After two and a half years of intensive negotiations on the Comprehensive Nuclear-Test-Ban Treaty (CTBT) at the Conference on Disarmament and the subsequent failure of its adoption, the Treaty was adopted instead by the UN General Assembly on September 10th, 1996 (by a vote of 158 for, 3 against, and 5 abstentions) and opened for signature. The CTBT essentially bans all nuclear explosions for military or civilian purposes, and requires that signatory states pass legislation as well as implement monitoring systems as part of the ratification process. A Preparatory Commission and a global verification regime have also been established to prepare for the Treaty's entry into force.
At the 2000 Okinawa Summit, G8 countries committed to the implementation of the "conclusions reached at this Conference, including the early entry into force of the Comprehensive Nuclear Test Ban Treaty." Nevertheless, the provisions of the Treaty have not yet been adopted globally. Currently, there are 161 signatories, 76 of which have ratified the Treaty. Ratification by 44 countries specified by the Treaty must occur in order for entry into force to begin. Of the 44, 13 are still required to ratify, one of which is the United States. All G8 states have signed and ratified the CTBT with the exception of the U.S., which has failed to ratify, largely as a result of the lack of support from the U.S. Senate.
As a result, the UN Secretary General convened the Conference on facilitating the early entry into force of the CTBT in October of 1999. Under Article XIV, the CTBT calls for the convening of a conference at the request of a majority of ratifying States, if the Treaty has not entered into force three years after the anniversary of its opening for signature, and on subsequent anniversaries until its entry into force. The second Article XIV Conference will be held from September 25th to 27th 2001 at UN Headquarters in New York. Overall, the 2000 Nuclear Non-Proliferation Treaty Review Conference was a marked success, as claimed by the U.K. Foreign Affairs Department. For the first time since 1985, participating States adopted by consensus a Final Document, which both reviewed progress over the last five years, and set out a forward looking agenda for the next five.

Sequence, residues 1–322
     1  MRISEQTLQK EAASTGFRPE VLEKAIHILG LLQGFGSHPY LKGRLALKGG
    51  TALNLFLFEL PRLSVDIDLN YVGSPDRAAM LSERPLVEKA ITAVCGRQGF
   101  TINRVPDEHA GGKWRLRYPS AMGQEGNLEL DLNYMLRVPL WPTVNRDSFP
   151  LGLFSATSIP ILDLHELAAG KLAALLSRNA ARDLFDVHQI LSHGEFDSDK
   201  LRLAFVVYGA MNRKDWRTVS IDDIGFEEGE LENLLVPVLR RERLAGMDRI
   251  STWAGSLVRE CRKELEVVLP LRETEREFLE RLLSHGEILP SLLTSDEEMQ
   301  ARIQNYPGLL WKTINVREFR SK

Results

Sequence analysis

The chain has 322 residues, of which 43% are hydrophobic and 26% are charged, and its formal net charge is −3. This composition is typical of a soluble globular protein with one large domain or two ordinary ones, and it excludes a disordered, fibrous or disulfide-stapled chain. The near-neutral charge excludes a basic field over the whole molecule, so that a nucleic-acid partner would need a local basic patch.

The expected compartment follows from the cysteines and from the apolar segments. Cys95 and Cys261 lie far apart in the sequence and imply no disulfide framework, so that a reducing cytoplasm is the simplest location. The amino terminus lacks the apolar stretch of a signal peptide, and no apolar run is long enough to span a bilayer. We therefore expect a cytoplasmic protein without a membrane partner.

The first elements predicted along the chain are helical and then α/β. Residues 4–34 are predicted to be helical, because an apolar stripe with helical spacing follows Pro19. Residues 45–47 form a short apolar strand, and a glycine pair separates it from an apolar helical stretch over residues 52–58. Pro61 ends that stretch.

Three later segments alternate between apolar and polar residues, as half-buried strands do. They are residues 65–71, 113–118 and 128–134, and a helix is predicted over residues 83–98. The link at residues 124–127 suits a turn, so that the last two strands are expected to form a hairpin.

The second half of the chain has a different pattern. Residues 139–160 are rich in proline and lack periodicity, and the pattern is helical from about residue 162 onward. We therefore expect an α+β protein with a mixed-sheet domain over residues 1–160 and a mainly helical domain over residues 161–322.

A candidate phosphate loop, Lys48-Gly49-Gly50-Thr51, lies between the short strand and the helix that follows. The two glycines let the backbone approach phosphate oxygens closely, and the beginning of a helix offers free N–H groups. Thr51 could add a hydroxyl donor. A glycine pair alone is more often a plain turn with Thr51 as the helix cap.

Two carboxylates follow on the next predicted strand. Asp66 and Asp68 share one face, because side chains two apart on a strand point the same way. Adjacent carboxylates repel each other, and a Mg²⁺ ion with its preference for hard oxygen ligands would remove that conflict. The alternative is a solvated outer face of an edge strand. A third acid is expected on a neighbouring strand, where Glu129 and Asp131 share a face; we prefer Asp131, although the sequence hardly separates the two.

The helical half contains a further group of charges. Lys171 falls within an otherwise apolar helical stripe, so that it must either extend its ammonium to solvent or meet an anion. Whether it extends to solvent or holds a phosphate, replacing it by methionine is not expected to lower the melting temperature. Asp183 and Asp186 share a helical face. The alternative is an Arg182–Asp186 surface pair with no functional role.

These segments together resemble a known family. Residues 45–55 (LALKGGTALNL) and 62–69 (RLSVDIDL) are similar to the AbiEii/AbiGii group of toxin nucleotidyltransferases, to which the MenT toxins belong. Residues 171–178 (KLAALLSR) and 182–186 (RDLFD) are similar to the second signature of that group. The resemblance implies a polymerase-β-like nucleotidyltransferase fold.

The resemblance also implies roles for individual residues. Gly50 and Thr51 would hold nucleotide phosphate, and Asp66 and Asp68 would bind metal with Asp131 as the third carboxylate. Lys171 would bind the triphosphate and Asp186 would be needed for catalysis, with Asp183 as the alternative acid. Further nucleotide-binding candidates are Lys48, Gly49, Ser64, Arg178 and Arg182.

The G8 ratifiers have declared that the entry into force of the CTBT is an international priority and have taken various measures to bring closure to the matter. For instance, Japan and Canada have urged early ratification by non-ratifiers through the dispatch of high-level missions. Japan also contributed to the establishment of the International Monitoring System to verify compliance to the Treaty by Party states in various ways. The CTBT has been brought to the forefront of international issues and there exists reason for the matter to be discussed at the Genoa Summit, especially in regard to the role of the U.S.
At last year's Okinawa Summit, the G8 countries committed to establishing an international financing plan for plutonium management and disposition, "based on a detailed project plan, and a multilateral framework to co-ordinate this co-operation." The project plan would essentially promote the non-use of weapon-grade plutonium for defence purposes. Although numerous measures have been taken in regard to plutonium disposition by G8 states, the issue became prevalent again in January of 2001 when Germany accused the U.S. of failing to inform NATO nations of the potential contamination of uranium munitions with plutonium (that were used during the Balkans war). NATO investigations indicated that there existed no serious contamination; nevertheless, concerns rose among some G8 countries when Italy started studying the illnesses of 30 veterans of Balkans peacekeeping missions (seven of whom died of cancer, including five from leukemia). This incident has also caused international concern to rise once new testing of depleted uranium shells began again in the UK in February. Italy and Germany may particularly be interested in pursuing increased efforts in addressing the issue or initiating further research. This matter would be discussed in addition to the related issue of the safe or suspended transfer of plutonium (which has continued to be advocated by the international community as well as G8 states).
Document prepared by Oana Dolea and Jennifer Stanton, University of Toronto G8 Research Group, June 2001.